Today there are a multitude of online distributors at every turn of the internet, ready to take your products and profit from your investment. They are a dime a dozen and everyone is a distributor now. Sadly though most are ill-equipped to do any real distribution of a product, lack any promotional investment, and are simply taking advantage of a failed industry where the majority of musicians are uneducated in the business. Two of the biggest online distributors are CDBaby and Tunecore, both appealing to the mass of artists out there in the world. For fees they will distribute your product to a host of online stores like Amazon, iTunes, Rhapsody, and many more. CdBaby has a system where an artist pays a one-time fee of $79 per album release, whereas Tunecore charges a monthly or annual fee for the same service. In both cases what do you really get ? CdBaby would like to claim they are the biggest online distributer, but quickly music artists will find that they offer little to no promotion of the products they are selling, and the time and expense of promotion is all up to the artist. Unless the artist is selling substantial quantities of cd's on a regualr basis, they can quickly find Cdbaby requesting a stock of only one cd at a time, and attempting to stock more cds ending with the artist either paying for return shipment or products being destroyed due to the fact that CdBaby " has limited warehouse space". No music artist is earning anything when their products are being destroyed and no music artist is making money when it costs two dollars or more to produce and manufacture a CD, then has to pay two dollars or more to ship it to CdBaby one cd at a time in maintaining their meager stock, for a payout on average of $6 per CD. In short, the only one I see making money off this arrangement is CDBaby, not the music artist. The same with its competitor Tunecore, both whose operations are designed to merely take advantage of the music artist. Both companies are as well offering the same "pay to sell" arrangement for publishing rights, designed to collect publishing royalties for the music artist without their ever having to make any investment in promoting the artists material as a real publisher would do. It has sadly become a world of online distributers and publishing companies who are profiting off the misfortune of music artists for doing nothing that actually generates revenue for the music artist.There are dozens of sites on the internet like Reverbnation, SoundCloud, etc. who charge fees to get rich off the music artist while delivering little return on investment. Even for a music artist to promote themselves on social media sites like Facebook costs hundreds of dollars per month in advertising costs, where the return on that investment is unrealistic requiring thousands of cd's top be sold to merely recoup those costs. The music artist has essentially ended up in a position were it is working for free or next to nothing to make everyone else money off their misery. The princple behind this algorithm is unsustainable.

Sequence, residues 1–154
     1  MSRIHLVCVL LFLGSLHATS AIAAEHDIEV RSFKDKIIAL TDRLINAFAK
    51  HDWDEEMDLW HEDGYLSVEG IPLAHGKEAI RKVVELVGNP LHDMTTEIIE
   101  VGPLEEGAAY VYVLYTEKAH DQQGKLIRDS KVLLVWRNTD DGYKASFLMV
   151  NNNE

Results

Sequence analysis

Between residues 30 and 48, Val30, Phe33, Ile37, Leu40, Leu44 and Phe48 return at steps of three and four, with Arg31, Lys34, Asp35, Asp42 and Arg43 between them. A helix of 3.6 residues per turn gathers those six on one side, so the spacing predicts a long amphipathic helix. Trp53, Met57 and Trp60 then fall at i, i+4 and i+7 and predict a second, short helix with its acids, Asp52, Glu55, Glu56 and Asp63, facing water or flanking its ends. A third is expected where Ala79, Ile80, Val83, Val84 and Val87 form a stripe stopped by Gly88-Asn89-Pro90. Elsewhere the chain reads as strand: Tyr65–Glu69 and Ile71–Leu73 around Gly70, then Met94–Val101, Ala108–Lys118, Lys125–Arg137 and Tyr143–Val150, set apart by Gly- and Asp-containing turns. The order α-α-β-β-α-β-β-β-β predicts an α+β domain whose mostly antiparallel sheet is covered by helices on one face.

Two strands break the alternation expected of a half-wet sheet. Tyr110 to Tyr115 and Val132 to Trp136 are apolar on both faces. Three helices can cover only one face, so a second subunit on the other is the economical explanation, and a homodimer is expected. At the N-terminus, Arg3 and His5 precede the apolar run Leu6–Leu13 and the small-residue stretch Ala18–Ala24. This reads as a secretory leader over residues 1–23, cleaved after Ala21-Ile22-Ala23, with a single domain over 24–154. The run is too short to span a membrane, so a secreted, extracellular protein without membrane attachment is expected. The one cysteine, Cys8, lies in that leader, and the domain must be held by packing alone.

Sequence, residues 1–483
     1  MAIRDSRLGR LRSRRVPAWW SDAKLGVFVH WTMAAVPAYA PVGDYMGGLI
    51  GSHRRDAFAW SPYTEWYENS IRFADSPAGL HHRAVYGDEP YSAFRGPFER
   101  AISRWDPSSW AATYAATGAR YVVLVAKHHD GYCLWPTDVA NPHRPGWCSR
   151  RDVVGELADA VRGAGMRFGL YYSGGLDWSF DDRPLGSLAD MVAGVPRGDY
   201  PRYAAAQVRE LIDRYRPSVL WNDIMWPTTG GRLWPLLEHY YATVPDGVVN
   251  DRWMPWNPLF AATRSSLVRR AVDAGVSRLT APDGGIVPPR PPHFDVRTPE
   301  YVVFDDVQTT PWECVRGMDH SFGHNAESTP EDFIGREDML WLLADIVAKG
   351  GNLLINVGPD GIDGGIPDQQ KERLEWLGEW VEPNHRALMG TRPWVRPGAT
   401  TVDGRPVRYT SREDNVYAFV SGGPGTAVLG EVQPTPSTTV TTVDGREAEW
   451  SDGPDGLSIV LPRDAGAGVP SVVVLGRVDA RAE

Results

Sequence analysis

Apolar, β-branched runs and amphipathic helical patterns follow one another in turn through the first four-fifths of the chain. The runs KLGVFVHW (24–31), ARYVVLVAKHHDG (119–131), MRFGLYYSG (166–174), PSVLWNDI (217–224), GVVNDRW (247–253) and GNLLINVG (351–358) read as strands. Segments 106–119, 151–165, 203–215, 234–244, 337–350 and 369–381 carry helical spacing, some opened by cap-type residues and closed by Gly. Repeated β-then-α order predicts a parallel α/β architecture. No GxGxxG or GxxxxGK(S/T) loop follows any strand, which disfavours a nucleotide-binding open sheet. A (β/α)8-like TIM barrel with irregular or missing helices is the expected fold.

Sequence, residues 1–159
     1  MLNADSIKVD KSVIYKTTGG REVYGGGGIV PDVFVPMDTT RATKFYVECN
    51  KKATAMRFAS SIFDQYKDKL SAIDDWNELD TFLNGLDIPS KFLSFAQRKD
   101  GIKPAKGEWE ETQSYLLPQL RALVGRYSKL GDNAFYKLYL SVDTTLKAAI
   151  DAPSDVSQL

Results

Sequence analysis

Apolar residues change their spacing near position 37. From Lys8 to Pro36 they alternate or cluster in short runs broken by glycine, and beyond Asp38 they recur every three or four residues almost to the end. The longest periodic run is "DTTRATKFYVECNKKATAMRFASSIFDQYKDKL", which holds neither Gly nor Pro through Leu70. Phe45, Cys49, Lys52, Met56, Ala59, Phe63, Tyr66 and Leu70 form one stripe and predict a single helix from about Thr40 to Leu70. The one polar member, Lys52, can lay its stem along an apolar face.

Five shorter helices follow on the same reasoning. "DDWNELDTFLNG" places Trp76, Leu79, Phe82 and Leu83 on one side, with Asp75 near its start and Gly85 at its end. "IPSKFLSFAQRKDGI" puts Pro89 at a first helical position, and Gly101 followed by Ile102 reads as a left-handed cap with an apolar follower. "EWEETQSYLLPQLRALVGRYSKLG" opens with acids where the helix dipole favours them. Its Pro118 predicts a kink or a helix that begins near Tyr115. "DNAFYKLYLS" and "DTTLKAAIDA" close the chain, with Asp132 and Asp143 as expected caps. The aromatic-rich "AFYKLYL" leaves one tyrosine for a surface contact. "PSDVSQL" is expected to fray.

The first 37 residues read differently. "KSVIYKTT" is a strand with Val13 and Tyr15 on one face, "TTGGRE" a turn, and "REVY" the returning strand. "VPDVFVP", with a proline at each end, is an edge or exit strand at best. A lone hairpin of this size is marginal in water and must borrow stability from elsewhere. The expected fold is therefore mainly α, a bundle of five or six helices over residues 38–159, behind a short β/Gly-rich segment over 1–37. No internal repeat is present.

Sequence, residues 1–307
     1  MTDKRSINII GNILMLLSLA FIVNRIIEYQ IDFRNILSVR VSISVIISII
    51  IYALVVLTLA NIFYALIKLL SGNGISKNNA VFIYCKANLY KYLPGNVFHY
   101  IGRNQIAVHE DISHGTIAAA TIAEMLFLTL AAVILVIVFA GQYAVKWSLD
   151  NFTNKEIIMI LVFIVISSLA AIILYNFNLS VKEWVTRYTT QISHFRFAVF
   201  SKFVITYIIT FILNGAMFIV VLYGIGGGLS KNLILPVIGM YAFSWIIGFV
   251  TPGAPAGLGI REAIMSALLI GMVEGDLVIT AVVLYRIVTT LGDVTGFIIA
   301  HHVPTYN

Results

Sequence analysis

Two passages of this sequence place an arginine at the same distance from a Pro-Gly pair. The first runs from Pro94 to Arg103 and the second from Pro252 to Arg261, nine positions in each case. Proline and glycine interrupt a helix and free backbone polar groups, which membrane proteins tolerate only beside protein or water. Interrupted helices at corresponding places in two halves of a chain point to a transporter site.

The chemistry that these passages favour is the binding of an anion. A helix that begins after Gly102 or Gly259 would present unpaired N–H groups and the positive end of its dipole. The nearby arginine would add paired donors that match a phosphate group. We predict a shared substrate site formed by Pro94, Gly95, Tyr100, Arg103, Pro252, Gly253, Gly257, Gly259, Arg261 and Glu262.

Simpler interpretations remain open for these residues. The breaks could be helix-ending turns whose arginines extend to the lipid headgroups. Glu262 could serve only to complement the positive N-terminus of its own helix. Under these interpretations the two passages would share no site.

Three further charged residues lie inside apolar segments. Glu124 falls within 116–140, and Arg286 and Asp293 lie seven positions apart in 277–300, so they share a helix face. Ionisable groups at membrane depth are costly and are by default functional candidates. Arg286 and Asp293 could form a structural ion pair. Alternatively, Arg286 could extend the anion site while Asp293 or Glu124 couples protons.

Site Designed by Web Solutions Network, a division of Maryland Wireless Networks. © 2008.